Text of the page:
The interdisciplinary nature of the IOT means a variety of experts from all manner of domains are required in its development. Listed here are some of the most thought-after qualifications and how to obtain them:
With the internet expanding exponentially, the demand for networking professionals will also rise. System administrators, network architects and networks analysts will be in popular demand.
- Cisco certifications
- University College London, Masters in Internet Engineering
- Technische Universität Darmstadt, Masters in Internet and Web-based Systems
Sensors and electronics
The electronics market will see a boom as more and more businesses will replace existing devices and appliances with smarter, connected and more energy efficient ones. There is a drastic demand for electronic and systems engineers with the ability to design electronic systems and sensor networks.
- University of Glasgow, Masters in Sensor and Imaging Systems
- University of Edinburgh, Masters in Sensor and Imaging Systems
- University of Bristol, Masters in Advanced Microelectronic Systems Engineering
Machine learning, data analysis and artificial intelligence are rapidly emerging fields that will play a role in utilizing the vast amount of data being generated by sensors to make more informed and smarter decisions.
- University of Bristol, Advanced Computing – Masters in Machine Learning, Data Mining and High-Performance Computing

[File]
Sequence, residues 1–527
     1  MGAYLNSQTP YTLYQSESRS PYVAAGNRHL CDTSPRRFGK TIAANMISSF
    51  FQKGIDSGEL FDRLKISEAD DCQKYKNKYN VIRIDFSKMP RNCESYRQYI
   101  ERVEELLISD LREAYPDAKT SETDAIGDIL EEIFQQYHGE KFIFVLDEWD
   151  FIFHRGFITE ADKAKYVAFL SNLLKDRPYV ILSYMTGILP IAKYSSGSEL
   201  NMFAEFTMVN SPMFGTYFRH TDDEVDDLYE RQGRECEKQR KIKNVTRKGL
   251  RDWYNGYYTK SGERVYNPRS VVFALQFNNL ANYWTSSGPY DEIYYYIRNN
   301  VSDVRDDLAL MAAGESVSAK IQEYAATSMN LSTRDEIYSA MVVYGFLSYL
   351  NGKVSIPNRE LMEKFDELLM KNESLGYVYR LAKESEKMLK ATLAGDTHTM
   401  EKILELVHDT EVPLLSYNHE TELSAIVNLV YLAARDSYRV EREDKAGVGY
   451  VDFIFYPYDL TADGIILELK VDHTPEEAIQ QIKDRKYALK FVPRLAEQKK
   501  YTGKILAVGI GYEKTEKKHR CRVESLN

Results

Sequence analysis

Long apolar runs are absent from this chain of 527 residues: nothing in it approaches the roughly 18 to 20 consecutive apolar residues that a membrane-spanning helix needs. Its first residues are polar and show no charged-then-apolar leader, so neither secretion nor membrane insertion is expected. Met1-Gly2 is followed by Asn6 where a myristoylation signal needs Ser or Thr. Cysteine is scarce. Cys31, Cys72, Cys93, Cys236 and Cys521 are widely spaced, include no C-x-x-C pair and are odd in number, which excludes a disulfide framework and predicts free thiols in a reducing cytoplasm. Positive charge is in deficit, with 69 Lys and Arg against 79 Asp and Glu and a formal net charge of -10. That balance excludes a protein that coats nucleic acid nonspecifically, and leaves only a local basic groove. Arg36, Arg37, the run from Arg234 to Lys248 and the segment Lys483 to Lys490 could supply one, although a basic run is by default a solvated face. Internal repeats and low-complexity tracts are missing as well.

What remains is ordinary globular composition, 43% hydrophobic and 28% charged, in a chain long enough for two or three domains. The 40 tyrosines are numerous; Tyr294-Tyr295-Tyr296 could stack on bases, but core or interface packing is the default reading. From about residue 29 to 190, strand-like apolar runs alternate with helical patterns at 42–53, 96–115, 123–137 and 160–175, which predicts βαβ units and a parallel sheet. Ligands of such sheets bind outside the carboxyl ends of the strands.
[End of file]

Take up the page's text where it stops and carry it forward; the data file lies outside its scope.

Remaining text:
- University of Amsterdam, Masters in Artificial Intelligence
- Aalto University, Masters in Computer, Communication and Information Sciences – Machine Learning and Data Mining
With new platforms and applications required to harness the newfound power of the IOT, software engineers and application developers will also be in popular demand.
- Ludwig-Maximilians-Universität München, Masters in Software Engineering
- University of Surrey, Masters in Communications, Networks and Software
A primary concern with the IOT is increased security risks. Connected devices will be more susceptible to data breaches and hacking, creating an increasing demand for cyber security analysts to design and maintain more secure communication systems.
As with most emerging technologies, startups are at the forefront of the IOT revolution, introducing products and services to capitalize on the growing segment. The variety of segments where we are seeing companies introduce smart products is astounding, giving an indication to the sheer magnitude of the Internet of Things: